How will your building be used over time? I’m sure you already take into account how certain materials will look as they are continuously exposed to sunlight or are worn down by occupant use. But do you ever seriously consider how, when and why your building will need a “facelift” during its lifespan? Well, today there are a multitude of factors that can spark the need for such change — and a major one is communication technology.
Communication technology is spreading and evolving at a faster and faster pace — particularly noticeable in office buildings. The nature of the way employees communicate is having radical effects on the way buildings work. In fact, the cultures behind many architectural institution-types are morphing because of changes in communication — and their occupants certainly feel the differences.
With new technologies, people are able to communicate anytime and anywhere. Computing is becoming ubiquitous and sensors are already being embedded in a wide range of devices. Yet, buildings remain somewhat static — as if to wrap themselves around all of this activity, without actually fusing with it and becoming a part of its emerging rhythms.
As an architect, I challenge you to dissect the narrative of your occupant’s lives. Use architecture to spread, filter and make sense of all of the rapidly traveling information going to and from your occupant within a given day. Such information needs to be filtered and presented to them at the right time, in the right place and in the right manner.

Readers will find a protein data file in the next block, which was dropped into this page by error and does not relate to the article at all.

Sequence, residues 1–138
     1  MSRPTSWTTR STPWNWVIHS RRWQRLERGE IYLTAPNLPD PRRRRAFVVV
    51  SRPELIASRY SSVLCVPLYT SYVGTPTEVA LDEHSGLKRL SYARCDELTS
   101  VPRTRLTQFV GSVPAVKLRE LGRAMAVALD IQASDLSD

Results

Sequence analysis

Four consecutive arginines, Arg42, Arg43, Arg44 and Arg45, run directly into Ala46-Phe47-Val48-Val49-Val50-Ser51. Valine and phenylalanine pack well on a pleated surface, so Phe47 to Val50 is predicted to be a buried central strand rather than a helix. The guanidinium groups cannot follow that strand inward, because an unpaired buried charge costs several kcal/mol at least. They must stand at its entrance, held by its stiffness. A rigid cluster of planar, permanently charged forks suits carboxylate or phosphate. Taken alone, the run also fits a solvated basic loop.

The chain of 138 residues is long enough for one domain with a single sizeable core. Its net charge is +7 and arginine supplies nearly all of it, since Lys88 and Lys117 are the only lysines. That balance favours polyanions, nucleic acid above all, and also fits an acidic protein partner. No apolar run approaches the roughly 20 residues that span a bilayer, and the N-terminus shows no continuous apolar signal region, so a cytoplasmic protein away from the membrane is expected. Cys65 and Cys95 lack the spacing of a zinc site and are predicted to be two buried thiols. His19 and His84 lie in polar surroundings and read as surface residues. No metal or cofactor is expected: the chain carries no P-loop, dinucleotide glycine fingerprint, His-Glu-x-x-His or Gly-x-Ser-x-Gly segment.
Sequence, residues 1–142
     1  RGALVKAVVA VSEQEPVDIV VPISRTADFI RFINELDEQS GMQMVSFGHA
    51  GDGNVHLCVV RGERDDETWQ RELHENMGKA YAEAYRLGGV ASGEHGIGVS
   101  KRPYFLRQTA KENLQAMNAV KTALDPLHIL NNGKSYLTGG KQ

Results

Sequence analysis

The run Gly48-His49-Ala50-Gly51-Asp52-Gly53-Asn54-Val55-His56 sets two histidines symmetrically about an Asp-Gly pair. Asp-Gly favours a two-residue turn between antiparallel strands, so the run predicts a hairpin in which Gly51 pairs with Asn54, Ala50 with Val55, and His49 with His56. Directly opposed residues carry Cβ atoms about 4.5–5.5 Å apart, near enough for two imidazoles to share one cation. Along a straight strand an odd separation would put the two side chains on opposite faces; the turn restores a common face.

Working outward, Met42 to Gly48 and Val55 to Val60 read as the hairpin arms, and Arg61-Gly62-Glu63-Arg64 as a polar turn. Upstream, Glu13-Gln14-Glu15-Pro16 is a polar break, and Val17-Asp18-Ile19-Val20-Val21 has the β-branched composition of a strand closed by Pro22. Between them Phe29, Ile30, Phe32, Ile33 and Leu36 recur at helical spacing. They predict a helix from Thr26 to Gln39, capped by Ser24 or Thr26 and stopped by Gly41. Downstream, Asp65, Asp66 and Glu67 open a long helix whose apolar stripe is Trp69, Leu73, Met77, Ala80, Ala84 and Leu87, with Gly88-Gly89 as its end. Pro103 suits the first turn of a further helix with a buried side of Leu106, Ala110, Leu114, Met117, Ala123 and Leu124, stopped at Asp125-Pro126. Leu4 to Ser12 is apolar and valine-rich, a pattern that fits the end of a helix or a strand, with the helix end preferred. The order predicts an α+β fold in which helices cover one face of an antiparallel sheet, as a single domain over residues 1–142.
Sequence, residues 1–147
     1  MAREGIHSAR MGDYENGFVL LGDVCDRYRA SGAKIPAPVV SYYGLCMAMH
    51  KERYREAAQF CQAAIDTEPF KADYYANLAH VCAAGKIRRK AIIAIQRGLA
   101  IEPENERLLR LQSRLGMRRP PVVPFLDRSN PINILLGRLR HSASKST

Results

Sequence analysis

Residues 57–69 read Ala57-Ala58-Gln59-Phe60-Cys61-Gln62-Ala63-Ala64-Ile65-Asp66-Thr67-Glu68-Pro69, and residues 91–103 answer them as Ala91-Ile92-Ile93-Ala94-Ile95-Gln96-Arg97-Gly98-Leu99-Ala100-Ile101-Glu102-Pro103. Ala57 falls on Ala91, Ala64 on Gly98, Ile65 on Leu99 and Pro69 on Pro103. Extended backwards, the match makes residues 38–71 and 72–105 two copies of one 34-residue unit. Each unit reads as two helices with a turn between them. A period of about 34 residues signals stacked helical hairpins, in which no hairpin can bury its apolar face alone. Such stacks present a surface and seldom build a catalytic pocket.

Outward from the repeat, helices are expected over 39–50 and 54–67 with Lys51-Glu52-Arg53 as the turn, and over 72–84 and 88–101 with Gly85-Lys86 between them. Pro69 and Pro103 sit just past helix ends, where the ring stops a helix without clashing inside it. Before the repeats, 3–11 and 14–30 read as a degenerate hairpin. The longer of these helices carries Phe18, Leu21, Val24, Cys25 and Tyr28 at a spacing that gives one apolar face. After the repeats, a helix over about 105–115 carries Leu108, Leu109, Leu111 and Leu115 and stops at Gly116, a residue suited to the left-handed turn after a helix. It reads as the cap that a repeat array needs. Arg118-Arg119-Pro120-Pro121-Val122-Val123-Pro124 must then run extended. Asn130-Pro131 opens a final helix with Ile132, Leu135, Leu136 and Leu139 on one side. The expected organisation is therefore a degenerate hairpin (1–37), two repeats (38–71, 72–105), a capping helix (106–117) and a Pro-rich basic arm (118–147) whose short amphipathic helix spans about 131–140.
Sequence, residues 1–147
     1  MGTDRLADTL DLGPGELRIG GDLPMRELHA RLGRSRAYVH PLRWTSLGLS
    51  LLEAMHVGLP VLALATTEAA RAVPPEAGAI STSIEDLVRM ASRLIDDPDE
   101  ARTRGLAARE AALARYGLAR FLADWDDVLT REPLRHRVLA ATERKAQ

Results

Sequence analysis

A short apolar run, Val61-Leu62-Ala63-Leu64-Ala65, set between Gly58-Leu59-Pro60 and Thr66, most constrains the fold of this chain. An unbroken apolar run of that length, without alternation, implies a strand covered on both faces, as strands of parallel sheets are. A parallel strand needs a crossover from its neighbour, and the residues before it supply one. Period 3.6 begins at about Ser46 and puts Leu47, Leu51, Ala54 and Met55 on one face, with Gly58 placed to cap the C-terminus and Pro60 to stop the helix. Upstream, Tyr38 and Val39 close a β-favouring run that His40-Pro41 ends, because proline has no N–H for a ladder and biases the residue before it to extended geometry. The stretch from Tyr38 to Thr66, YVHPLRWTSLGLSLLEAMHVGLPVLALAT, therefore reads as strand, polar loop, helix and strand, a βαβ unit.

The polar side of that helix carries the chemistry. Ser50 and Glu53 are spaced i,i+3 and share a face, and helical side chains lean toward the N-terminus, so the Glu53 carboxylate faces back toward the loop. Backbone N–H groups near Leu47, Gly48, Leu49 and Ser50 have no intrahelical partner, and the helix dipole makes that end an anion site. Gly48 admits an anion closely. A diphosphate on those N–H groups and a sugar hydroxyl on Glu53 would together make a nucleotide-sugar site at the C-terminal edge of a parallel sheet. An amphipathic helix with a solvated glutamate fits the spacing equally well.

Yes, information is quite handy when held within the comfort of a personal device like an iPhone, but can you imagine what might be possible if information could dynamically make an employee’s location (wherever they may be in their office building, for example) fill with real-time and customized “purposes” to help them reduce stress and do a better job — while they actually perform the job?
Buildings should be more than a series of pieces and parts assembled in some aesthetic manner that happens to be functional. As we enter the world of tomorrow today, we as architects need to think of buildings as more than just static entities around which occupants are in motion. Instead, architecture should also flex with its inhabitants — helping them to make connections everywhere.
Image Credit: © williamcho | Flickr
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